NAMCO's arcade hit Dig-Dug on the Atari 7800.

Capcom's Commando (licensed by Data East), on the Atari 7800.

Left: Two children who kept returning to Damien's Atari 600XL and firing up Joust. Right: Human Canonball for the Atari 2600 playing on a Flashback.

Xari Arena, an unreleased prototype game for the 5200, brought by Dan Kramer.

Super Stario Land on an Atari ST. (Photo by Jason Scott)

Signs at the entrance to the Program Room. (Photo by Jason Scott)

THE END of Missile Command. (Photo by Jason Scott)

Enjoying Atari 2600/VCS games. (Photo by Jason Scott)

A box of what accounted for 'violent games' in the early 1980s. (Photo by Jason Scott)

Playing Super Sprint arcade game on PlayStation 2. (Photo by Jason Scott)

Pac-Man Arcade homebrew on an Atari 800XL. (Photo by Jason Scott)

Al Alcorn doing his presentation for a filled room. (Photo by Geoffrey Smith)

Playing Gauntlet on an Atari ST. (Photo by Geoffrey Smith)

The library's welcome sign. (Photo by Geoffrey Smith)

Picking a game off of an SD card, on an Atari 800XL. (Photo by Geoffrey Smith)

Dan Kramer showing off his t-shirt. (Photo by Geoffrey Smith)

Losing Space Invaders on the Atari 5200. (Photo by Geoffrey Smith)

Atari Party volunteer Ben Ullmark. (Photo by Geoffrey Smith)

Video gaming family. (Photo by Geoffrey Smith)

Dan Kramer's prototype Atari 2800 and 2600Jr.(Photo by Geoffrey Smith)

Dan Kramer showing his prototype Atari 5200 Trak-Ball rig (right), and the final product (left). (Photo by Geoffrey Smith)

Donkey Kong on a top-loading Nintendo Entertainment System. (Photo by Geoffrey Smith)

Posing with a CX-80 (later model for Atari 8-bit and 2600) Trak-Ball. (Photo by Geoffrey Smith)

Some in-house t-shirts from Atari from the early 1980s that Dan Kramer brought. (Photo by Geoffrey Smith)

Leaning on Pac-Man for the Atari 5200. (Photo by Geoffrey Smith)

2014 show's coordinators — Atari Party founder Bill Kendrick, Sunnyvale Public Library librarian Rachel Collier, and Digital Game Museum executive director Judith Haemmerle — posing with DGM's cocktail PONG. (Photo by Geoffrey Smith)

Pac-Man on a 5200. (Photo by Geoffrey Smith)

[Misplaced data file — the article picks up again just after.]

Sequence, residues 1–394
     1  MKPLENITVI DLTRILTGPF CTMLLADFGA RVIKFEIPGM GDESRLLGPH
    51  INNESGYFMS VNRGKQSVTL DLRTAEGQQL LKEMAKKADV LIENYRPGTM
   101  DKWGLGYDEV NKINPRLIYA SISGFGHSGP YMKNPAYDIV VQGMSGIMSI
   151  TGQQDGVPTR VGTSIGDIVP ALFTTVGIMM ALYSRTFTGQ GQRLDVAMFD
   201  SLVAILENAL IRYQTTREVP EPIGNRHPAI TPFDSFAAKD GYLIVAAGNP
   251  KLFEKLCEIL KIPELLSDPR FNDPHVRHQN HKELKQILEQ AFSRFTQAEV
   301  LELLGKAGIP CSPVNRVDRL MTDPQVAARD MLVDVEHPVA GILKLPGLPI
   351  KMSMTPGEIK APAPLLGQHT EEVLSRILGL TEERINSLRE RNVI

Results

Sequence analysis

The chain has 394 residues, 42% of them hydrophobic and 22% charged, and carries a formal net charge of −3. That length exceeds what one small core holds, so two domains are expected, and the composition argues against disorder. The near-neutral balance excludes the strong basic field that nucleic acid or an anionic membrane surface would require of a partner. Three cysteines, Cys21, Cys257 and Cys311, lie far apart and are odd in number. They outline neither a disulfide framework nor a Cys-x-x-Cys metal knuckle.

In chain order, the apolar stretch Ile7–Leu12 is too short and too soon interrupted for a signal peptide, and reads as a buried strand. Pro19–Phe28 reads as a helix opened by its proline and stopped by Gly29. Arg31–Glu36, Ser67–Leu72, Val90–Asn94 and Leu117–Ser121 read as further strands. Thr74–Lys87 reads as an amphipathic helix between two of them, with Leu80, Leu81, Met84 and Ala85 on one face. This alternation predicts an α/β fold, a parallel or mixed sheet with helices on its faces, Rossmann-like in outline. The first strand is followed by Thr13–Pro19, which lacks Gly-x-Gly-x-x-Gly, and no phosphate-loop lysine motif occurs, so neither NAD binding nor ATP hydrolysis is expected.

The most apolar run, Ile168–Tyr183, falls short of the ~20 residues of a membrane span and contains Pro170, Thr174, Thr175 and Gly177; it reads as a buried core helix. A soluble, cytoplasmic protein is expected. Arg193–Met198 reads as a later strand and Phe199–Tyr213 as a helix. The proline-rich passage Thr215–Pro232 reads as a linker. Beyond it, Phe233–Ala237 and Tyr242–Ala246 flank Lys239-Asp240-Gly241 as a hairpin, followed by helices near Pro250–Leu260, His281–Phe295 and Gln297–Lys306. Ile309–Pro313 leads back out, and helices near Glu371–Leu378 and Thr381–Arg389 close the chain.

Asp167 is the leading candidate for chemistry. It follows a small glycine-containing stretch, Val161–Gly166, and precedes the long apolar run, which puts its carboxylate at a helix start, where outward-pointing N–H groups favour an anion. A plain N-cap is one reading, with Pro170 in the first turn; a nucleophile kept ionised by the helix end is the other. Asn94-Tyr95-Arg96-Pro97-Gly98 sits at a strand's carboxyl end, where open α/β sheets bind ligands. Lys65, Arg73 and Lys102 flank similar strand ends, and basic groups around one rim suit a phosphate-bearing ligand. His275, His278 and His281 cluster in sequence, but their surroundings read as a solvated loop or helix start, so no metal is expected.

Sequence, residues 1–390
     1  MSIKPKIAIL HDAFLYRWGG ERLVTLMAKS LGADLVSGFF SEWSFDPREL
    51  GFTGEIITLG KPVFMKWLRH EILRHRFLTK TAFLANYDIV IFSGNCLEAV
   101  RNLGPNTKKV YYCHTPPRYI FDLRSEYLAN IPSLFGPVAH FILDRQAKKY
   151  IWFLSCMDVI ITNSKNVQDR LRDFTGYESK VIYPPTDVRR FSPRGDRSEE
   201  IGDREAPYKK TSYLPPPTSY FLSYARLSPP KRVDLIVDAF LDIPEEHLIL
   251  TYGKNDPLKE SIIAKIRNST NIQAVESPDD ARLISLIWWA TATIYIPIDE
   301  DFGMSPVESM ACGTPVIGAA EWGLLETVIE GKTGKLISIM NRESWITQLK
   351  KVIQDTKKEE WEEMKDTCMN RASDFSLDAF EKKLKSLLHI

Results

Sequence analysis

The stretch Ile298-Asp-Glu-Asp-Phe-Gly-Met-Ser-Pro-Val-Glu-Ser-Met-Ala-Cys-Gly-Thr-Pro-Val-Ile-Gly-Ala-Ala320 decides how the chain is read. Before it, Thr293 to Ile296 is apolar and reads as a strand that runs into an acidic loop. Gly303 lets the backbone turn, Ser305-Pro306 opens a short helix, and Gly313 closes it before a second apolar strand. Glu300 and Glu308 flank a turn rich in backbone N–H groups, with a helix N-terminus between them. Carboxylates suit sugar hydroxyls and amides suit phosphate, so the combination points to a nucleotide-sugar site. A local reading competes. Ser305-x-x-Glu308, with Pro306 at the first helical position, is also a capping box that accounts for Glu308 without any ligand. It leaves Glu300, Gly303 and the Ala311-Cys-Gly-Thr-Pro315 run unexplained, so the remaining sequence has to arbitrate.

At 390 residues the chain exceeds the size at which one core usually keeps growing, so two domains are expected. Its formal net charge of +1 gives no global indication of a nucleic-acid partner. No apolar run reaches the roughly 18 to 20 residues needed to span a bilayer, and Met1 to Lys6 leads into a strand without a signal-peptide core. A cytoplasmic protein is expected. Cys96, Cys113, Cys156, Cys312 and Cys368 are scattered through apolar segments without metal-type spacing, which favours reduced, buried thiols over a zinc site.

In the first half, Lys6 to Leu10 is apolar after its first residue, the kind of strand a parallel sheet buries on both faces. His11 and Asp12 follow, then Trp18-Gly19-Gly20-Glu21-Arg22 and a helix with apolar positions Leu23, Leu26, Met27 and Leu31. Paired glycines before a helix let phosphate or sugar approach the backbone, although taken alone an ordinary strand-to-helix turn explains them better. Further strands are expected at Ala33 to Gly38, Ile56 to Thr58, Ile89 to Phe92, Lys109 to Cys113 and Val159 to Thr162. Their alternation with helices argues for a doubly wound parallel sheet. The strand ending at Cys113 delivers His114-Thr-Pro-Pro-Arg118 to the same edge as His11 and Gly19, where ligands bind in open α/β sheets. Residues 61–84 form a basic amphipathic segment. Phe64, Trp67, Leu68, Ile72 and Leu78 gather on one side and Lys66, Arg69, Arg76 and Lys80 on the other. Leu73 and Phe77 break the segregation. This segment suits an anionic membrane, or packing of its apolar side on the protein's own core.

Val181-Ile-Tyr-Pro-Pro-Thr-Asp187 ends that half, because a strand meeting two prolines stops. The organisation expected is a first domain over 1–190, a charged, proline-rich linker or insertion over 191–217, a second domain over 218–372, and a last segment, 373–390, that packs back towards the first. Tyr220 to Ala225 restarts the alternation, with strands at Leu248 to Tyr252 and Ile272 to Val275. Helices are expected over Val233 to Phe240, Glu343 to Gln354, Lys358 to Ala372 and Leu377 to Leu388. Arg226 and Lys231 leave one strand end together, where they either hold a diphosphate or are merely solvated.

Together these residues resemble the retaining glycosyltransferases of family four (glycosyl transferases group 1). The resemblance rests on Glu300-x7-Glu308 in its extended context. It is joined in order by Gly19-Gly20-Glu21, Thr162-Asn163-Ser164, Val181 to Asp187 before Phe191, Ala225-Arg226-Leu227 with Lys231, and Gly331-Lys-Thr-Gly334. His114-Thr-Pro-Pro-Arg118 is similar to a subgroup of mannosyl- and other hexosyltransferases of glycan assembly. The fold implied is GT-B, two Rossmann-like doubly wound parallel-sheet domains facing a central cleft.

Digital Game Museum's board of directors chair Jeff Lin, posting in front of their display. (Photo by Geoffrey Smith)

Atari Party volunteers Jamie and Dan DeVriend. (Photo by Geoffrey Smith)

Atari Party founder Bill Kendrick. (Photo by Geoffrey Smith)

Atari Party volunteers Jamie DeVriend, Mark Birsching (also a coordinator of California Extreme), and Digital Game Museum volunteer docent Crissy Gugler. (Photo by Geoffrey Smith)

Posing with a The Boss joystick. (Photo by Geoffrey Smith)

Playing Star Raiders on an Atari 800XL. (Photo by Geoffrey Smith)

Starting a game of Tempest. (Photo by Geoffrey Smith)

Game cartridges resting on an Atari 2600. (Photo by Geoffrey Smith)

Sunnyvale librarians. Atari Party's main contact and co-coordinator, Rachel Collier, on the right. (Photo by Geoffrey Smith)

Centipede and Star Wars arcade uprights. (Photo by Geoffrey Smith)

Playing Star Wars arcade. (Photo by Geoffrey Smith)

Having a round of Warlords on an Atati 2600. (Photo by Geoffrey Smith)

Sporting a "Portland Retrogaming Expo" shirt. (Photo by Geoffrey Smith)

Digital Game Museum's cocktail PONG, taking a rest. (Photo by Geoffrey Smith)

Bill Kendrick, founder of Atari Party, with his youngest son, doing a Master Blaster impersonation. (Photo by Geoffrey Smith)

Atari Lynx handhelds getting some use — both portrait and landscape mode. (Photo by Geoffrey Smith)

Gauntlet on the Nintendo Entertainment System. (Photo by Geoffrey Smith)

An Atari Jaguar up on the projection screen. (Photo by Geoffrey Smith)

Atari Party volunteer Philip Louie, posing with one of his Atari STs. (Photo by Geoffrey Smith)

Atari employee from the 1970s and early 1980s, Jerry Jessop (center), with his wife Karen. (Photo by Geoffrey Smith)

A small stack of Atari 2600 games. (Photo by Geoffrey Smith)

An Atari Jaguar and games. (Photo by Geoffrey Smith)

Atari Party volunteer Jeremy Holloway. (Photo by Geoffrey Smith)

Huge audience watching Al Alcorn's talk. (Photo by Geoffrey Smith)

A varietyof Ataris: Flashback 4 (Super Breakout), Flashback 1 (Air-Sea Battle), 600XL (Joust), Flashback 2 (in its menu). (Photo by Geoffrey Smith)

Atari Party 2014 co-coordinators, Bill Kendrick (Atari Party) and Judith Haemmerle (Digital Game Museum), playing PONG. (Photo by Geoffrey Smith)

Atari Party founder Bill Kendrick, and California Extreme co-coordinator (and the person who brought arcade games to Atari Party 2014), Mark Birsching. (Photo by Geoffrey Smith)

Arcade games! (Photo by Geoffrey Smith)

More arcade games! (Photo by Geoffrey Smith)

Arkanoid 2: The Revenge of Doh on an Atari ST. (Photo by Geoffrey Smith)

Posing with some geeky t-shirts. (Photo by Geoffrey Smith)

Other Photos

Atari Party in the News

Flyers and Banners

Black & White 8.25" × 11" printable flyer (PDF)

Sunnyvale Library's "Lobby Poster" (JPEG)